2. I obviously have a personal ‘investment’ in these sort of questions, having been hired a quarter of a century back as a traditional research-plus-teaching faculty member, but having become, by a gradual process over the last dozen or so years, a person who does almost entirely teaching. So I am in Steve’s second category of teaching faculty.

    Which brings me to one point, which is whether there is a detectable difference between the two types of all/mostly teaching faculty – people like me, who were in research for a long time, typically at PI level, and people who left research after typically a couple of postdoc years to take teaching-specialist posts and have progressed along what (for want of a better term) I will call ‘the instructor track’.

    From the University’s perspective, I would say that the latter tend to be cheaper in terms of hours actually taught per salary dollar paid. But of course one might counter-argue that people who spent all those years in research have deeper subject knowledge, and perhaps can still ‘connect the teaching to research’ in the way Steve describes.

    Anyway, I could say lots more on the subject, but I think it is more of a three-category problem than a two-category (‘teaching or research’) one.

    • Steve Caplan says:

      I tend to agree that at a university with graduate programs (and a medical school) those who have actively dealt with research-like Austin-will be better equipped to impart knowledge to the next generation of scientists and clinicians. Typically when going beyond the textbook, in depth knowledge of research is really important. However, courses such as anatomy need such a vast knowledge that I doubt there are many researchers who could handle such a course without spending the majority of their time on it. To me, it seems absolutely overwhelming!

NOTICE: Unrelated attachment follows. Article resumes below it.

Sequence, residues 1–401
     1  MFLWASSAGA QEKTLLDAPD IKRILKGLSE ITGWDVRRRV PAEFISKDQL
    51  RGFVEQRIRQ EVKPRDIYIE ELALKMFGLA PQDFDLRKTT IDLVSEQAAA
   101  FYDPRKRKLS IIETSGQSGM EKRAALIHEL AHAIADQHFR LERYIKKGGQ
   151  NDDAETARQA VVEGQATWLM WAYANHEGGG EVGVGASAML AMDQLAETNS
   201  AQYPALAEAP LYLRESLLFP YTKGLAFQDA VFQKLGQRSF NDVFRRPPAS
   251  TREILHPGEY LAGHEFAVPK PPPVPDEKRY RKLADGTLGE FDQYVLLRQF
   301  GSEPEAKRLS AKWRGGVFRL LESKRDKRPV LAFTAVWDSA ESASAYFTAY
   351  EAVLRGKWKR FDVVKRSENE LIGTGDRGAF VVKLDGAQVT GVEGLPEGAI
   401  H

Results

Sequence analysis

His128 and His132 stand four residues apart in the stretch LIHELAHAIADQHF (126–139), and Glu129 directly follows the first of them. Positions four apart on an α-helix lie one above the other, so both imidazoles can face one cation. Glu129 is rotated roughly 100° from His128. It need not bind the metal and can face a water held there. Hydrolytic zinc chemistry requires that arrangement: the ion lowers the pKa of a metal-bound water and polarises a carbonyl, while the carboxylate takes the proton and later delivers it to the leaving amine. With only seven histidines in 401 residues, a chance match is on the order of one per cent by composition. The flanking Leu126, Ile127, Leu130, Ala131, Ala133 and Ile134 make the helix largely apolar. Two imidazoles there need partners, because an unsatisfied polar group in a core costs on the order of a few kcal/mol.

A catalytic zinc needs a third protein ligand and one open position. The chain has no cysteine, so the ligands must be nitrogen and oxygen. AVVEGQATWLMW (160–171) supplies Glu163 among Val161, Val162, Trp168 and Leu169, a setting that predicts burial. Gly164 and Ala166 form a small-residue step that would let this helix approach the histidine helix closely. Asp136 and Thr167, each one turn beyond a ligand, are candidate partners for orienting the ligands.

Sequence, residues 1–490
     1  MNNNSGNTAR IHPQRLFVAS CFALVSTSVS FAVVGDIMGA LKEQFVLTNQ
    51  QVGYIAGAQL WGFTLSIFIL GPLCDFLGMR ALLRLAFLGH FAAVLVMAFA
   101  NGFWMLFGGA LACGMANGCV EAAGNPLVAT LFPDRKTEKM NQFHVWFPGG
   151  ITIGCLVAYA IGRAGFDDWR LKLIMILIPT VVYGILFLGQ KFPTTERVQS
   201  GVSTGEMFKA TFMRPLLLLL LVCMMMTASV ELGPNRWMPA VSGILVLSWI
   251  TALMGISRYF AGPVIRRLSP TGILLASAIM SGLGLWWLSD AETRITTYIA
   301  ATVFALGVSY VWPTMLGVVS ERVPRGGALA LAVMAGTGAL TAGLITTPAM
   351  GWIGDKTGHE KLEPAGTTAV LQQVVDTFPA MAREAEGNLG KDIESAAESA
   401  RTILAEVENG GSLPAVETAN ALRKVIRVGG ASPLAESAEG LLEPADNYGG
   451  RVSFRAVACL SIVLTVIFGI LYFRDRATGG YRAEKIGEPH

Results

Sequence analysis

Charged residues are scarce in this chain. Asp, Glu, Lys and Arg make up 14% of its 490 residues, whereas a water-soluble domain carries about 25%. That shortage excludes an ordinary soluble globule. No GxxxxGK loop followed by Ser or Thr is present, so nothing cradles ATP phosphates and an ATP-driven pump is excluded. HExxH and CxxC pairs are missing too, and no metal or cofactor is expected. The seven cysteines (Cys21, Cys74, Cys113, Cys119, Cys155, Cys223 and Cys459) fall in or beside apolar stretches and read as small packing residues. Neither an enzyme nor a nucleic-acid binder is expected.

3. Steve Caplan says:

    Apologies to Steve, @Stephen_Curry and @SmallCasserole along with researchers in the UK and across the globe for an initial poor word choice (“relegated”). This has been rectified and updated in the post!

  4. Frank says:

    I never studied anatomy, but for me organic chemistry was the topic that seemed to require mastery of an enormous repertoire of facts. Our first year lecturer in organic chemistry (Lionel Hart) was, I believe, a teaching-only or mostly-teaching academic.

    He was far and away the best teacher I had in three years at Uni.

    • Steve Caplan says:

      There is no question that basic courses, often derived from textbook teaching, can be done equally well (if not better) by an instructor primarily or only involved in teaching. Organic chemistry at the introductory level doesn’t really need much in the way of laboratory expertise, so that would make sense. I do think, though, that in the more advanced undergraduate courses, contact with an instructor who can relate some of the basics to actual research can really benefit the students.